They are a bit of fun. I'm not planning to build a moon diorama, but maybe the odd one will find themselves in the background of a railway project.

After finishing the painting, I carried out a little more research. Warwick museum currently has a moon landing display and it includes a clear disk containing specks of real moon rocks collected by the Apollo 15 and 17 missions. Tiny specks obviously, but real moon rock!

Lunar Sample 228

Wednesday, August 28, 2019

Warehouse Wednesday: SVR neighbours

Thanks to Nick Wallace for this spot:

On a recent visit to the Severn Valley Railway, I stayed at the Travelodge in Kidderminster. Next door were a couple of buildings which might interest your blog readers.

I like the top image in particular as it’s an otherwise drab colour scheme but with a splash of colour on the doors. Note also what looks like full height doors on the first floor.

Below, we have a nicely grubby corrugated metal structure.

Tuesday, August 27, 2019

Looking for that leak

With the radio gear working, I need to find out where the water is coming in. Back on the pool (yes, it's gone green, there's someone coming to look at the filter next week) I sail the ark around for a while.

After ten minutes, looking inside, there is a tiny amount of water around the rudder tube.

A really tiny amount, but it's worked its way up the tube, I can feel it all the way up to the arm, which must be just lower than the waterline.

Unconvinced, I wanted to sail the model without the top, so added a bit of weight.

Another few minutes sail and again, a tiny amount of water. Certainly not a boat sinking amount, but it's the only wet stuff in there.

Ideally, I'd have sailed on, but the battery was on its last legs so this is on charge and I'll lightly grease the rudder post to try to keep things dry. Then have another go. 

Monday, August 26, 2019

Don't rush your modelling, it can save you money!

Work commitments have kept me away from the Ark, but I'm determined to get it on the water properly before the end of the summer.

With a few minutes to spare, I thought I'd dig through the stash of model boat bits and see what I needed to replace after the dunking. Out came a receiver and servo, but first, I fired up the boat.

And it worked!

OK, the Radiolink R8EF receiver doesn't look pretty, but it only works!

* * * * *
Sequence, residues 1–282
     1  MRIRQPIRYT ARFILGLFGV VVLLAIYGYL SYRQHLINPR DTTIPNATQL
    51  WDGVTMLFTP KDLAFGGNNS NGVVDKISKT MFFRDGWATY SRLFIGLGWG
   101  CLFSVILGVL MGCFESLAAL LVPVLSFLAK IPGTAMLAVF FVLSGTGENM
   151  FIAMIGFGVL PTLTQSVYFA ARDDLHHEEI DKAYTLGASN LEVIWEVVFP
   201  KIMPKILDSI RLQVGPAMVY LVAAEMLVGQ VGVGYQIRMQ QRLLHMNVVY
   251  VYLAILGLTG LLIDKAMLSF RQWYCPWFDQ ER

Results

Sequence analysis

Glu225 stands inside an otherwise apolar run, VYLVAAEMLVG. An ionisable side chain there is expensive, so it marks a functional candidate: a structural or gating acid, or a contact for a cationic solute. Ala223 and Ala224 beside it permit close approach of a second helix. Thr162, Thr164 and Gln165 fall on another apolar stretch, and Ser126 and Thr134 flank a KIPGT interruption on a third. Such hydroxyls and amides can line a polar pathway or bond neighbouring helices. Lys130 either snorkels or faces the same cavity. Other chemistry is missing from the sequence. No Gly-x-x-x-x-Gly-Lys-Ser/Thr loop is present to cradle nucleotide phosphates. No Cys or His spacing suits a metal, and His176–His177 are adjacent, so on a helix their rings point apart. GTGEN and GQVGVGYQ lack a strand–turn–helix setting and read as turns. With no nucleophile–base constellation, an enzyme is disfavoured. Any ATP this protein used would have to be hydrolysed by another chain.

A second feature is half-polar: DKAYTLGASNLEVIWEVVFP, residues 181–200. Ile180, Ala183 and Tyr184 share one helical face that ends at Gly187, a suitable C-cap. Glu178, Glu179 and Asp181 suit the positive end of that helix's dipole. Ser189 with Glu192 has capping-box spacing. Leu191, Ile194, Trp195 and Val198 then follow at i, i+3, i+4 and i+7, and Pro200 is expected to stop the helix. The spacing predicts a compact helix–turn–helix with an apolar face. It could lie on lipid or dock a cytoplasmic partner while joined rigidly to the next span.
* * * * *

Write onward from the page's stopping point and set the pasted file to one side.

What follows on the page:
The servo seems happy too. So all the bist go back in the stash.

When I tried all this a few weeks ago, the servo chattered but didn't operate properly. Now all is well. I can only assume that in the interim, the electronics have fully dried out. So by waiting, I didn't bin perfectly good (if ugly) components.

Sunday, August 25, 2019

New use for a free-fall lifeboat


Lodging on the quayside at Ramsgate last weekend was fascinating for anyone who is interested in boats - so despite the rubbish weather, I spent quite a lot of time spotting.

One surprise was this Free-Fall Lifeboat. Normally seen hung on the back of ships at a crazy angle, you don't generally find them close to the shore. Except it appears when owned and used as a private boat or even houseboat. I'm intrigued to know what one of these is like to sail as a gin palace. They are intended to get the crew to safety, and I assume not built for comfort.

Presumably, this is why there is a second one that's been customised by hacking the front off (very neatly) and installing a patio.


If you feel the urge to build one, fire up your 3D printer and head over here. Would it be suitable for radio control? Probably if you printed it large enough with a thin hull. Plenty of orange paint will be required to seal and smooth the print material!

Saturday, August 24, 2019

Saturday Film Club: Hornby Open Weekend with Phil (and others)

Sit back and enjoy the official video from last weekend'sHornby Open Weekend. Around 45 minutes in, I'm hogging the camera talking about Cake Boxes and large model railways.

I'd also suggest you give Callum Willcox's video a watch. There is sadly no me, except in the background, but it's a really good take on the exhibitor's version of the show.

Friday, August 23, 2019

Mallett's Models signal box

Another mystery kit - a signal box from Mallett's Models.

Inside the box, which I bought for a fiver out of curiosity, is a pile of wood and some instructions.

When assembled, the result should (apparently) be a 16mm scale model of a Lynton & Barnstaple 1935 signal box.

My L&B photo collection is minimal and looking on-line I can't find anything that looks like this.

I also can't find out anything about Mallett's Models. The tape on the box suggests they produced rolling stock kits. I assume they were also wooden wonders - can anyone fill in any more details of either maker or the prototype?